Why do video conferencing drain us psychologically?
The coronavirus crisis has hit organizations hard. These have been forced to force telework, except in essential cases, to avoid the cessation of activity. This new format has sent thousands of Spaniards to their homes and has forced them to adapt a new workspace in their homes that has to be shared with the rest of the inhabitants of the house. And technology has come to the rescue, doing it so well that it is even feasible to hold meetings via videoconference, obtaining results, a priori, similar to those derived from a face-to-face meeting. Is this really so? Some experts are warning that the use of tools to hold video conferences increases the stress levels of the participants.
Complications of the absence of nonverbal communication
It would be tempting to think that a meeting held with a video camera may be the ideal substitute for a face-to-face meeting, but the truth is that the human body deciphers them in a completely different way, depending on the conclusions Gianpiero Petriglieri, professor at INSEAD and Marissa Shuffler, professor at Clemson University have reached them. These experts refer to the communication keys that are lost in a videoconference, such as the tone of voice, part of the facial expressions and the physical gestures. By not being so obvious in a video conference, the participant is forced to pay more attention and in the conclusion, especially if the meeting has many participants, it can be exhausting.
“Non-verbal language is the first ingredient in oral communication,” Yago de la Cierva, professor of People Management in Organizations at IESE, explains to EL PAÍS. “It is equivalent to more than two thirds of what you want to share: it gives you the interpretation and the meaning.” In a meeting held by videoconference it is very limited, and on the other hand, “we have two dimensions instead of three; and because we are usually sitting still and controlling the space is very important ”, according to this expert. The absence of this third dimension is what would ultimately trigger psychological overstrain.
“When one of the communication components is absent or limited -as is the case in videoconferences-, sender and receiver are forced to invest more attention and more effort to express themselves and understand each other correctly”, explains Ignacia Arruabarrena, Associate Professor of the Department of Social Psychology of the University of the Basque Country. This wear is worse “if there are more people involved in the videoconference,” according to Arruabarrena.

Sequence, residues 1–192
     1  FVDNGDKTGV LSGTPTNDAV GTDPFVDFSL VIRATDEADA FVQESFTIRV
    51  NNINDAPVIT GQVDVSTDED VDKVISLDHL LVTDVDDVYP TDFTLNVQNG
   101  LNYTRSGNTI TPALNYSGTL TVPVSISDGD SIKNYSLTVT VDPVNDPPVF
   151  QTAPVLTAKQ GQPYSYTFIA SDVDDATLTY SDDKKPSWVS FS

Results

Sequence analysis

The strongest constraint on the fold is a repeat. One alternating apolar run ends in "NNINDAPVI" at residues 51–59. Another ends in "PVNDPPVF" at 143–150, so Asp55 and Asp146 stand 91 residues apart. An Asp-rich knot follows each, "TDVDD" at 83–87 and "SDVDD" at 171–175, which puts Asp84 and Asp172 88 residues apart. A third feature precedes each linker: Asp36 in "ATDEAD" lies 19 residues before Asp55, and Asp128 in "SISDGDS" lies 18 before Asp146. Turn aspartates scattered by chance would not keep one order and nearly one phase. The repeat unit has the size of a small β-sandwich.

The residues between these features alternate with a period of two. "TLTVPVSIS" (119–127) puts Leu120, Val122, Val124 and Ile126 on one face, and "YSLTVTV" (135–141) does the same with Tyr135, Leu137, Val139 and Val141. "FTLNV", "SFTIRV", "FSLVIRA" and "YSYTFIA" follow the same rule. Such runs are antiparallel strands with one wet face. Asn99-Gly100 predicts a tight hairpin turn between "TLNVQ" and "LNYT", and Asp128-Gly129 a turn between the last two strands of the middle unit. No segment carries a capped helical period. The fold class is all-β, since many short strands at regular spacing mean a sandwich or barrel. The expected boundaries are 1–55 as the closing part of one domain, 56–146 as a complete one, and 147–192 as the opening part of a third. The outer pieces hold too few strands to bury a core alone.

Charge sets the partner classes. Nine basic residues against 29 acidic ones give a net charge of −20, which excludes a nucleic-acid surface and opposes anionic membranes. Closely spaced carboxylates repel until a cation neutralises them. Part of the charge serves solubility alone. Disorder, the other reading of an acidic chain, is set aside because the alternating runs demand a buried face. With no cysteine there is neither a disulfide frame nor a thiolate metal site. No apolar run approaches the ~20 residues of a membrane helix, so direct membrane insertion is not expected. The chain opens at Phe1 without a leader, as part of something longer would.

Awkward silences and the psychological fatigue of quarantine
But it would not be fair to attribute stress to videoconferencing, but rather the confinement itself produces apathy and also the change in the environment for those who telework. The obligation to be confined at home fosters “a state of profound distraction in which we all find ourselves in this pandemic,” according to De la Cierva. “We are restless, with a tremendous attention deficit that makes us flutter from one thing to another because we can’t concentrate.” This situation means that in the middle of a videoconference and in the respective homes the attendees tend to get lost by consulting their mobile or social networks. “In the end, we get less because we are distracted.”
Another circumstance that inevitably stresses videoconferences are silences: in a face-to-face meeting, these are managed naturally and without having to force anything; The same does not happen with meetings with a camera in front, in which only the faces of the participants are seen. Anyone who has attended a conference of these characteristics knows well that interventions do not flow naturally unless there is a moderator who gives the floor; the usual thing is to step on each other, or on the contrary, fill shifts with uncomfortable silences.
And if all this were not enough, videoconferences have another added difficulty that, paradoxically, should make things easier: audiovisual. “The television image needs manipulation to reflect the truth,” explains De la Cierva. “If we want to be natural we have to act a little; if we want our face to be normal, we have to put on makeup; if we want our voice to be heard better, we have to raise or lower the tone in a somewhat artificial way ”. All of this “requires effort that causes tension in those who are not used to it. Ultimately, we run out before ”.
Video conferencing is here to stay
They are not, of course, a new tool, but the unexpected emergence of tools for video meetings does not seem to be temporary. Among them, Zoom is reaping a large part of the prominence in the market, going from ten to 300 million daily participants in a few months (this month alone, the user base has grown by 50%). Derek Pando, the company’s head of Marketing, advocates good planning before calling a video conference: “A good rule of thumb before scheduling a meeting is to consider whether it’s worth the time you are going to invest: a quick email, a message a chat or a 30-second call can be enough to get your message across and it’s not as demanding as a meeting with a video call ”.
The manager also suggests, where possible, be strict in the use of locations. “If you connect with your friends or family in the kitchen, instead of at the desk where you work, you will create a more relaxed atmosphere and avoid the feeling that you are on another work call,” he explains. The success of these platforms has motivated giants like Facebook to hasten their entry into the market with Rooms, at first, and later allowing video calls of up to eight users on WhatsApp.